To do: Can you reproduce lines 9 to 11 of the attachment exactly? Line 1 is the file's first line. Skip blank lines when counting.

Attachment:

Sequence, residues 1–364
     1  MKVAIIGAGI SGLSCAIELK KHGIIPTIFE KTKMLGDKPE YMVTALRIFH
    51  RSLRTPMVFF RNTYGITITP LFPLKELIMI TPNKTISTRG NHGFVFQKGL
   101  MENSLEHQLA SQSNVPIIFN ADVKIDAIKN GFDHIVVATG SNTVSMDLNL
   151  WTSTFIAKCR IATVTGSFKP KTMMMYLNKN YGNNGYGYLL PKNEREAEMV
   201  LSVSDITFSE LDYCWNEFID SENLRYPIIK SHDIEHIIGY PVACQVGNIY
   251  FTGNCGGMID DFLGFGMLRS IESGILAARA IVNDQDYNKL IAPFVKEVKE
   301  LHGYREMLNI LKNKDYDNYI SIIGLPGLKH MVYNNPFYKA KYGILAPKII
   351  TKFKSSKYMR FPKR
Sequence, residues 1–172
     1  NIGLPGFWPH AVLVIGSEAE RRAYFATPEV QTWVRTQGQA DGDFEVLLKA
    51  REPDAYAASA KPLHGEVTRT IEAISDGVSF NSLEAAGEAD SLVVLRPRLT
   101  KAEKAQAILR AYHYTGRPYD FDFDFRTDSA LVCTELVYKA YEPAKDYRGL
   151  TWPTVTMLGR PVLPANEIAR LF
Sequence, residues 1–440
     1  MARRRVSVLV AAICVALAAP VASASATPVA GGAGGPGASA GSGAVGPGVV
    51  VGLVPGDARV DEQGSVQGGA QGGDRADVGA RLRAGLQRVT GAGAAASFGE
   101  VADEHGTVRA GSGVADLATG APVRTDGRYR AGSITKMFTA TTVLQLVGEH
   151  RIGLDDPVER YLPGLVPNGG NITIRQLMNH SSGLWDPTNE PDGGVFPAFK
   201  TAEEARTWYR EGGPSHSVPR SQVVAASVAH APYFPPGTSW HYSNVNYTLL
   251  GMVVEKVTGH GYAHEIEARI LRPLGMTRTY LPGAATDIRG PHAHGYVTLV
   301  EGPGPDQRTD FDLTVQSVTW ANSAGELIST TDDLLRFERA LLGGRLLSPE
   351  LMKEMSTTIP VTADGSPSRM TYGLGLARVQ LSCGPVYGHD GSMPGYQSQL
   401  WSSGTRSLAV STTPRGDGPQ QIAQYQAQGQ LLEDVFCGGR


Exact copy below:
   351  TKFKSSKYMR FPKR
Sequence, residues 1–172
     1  NIGLPGFWPH AVLVIGSEAE RRAYFATPEV QTWVRTQGQA DGDFEVLLKA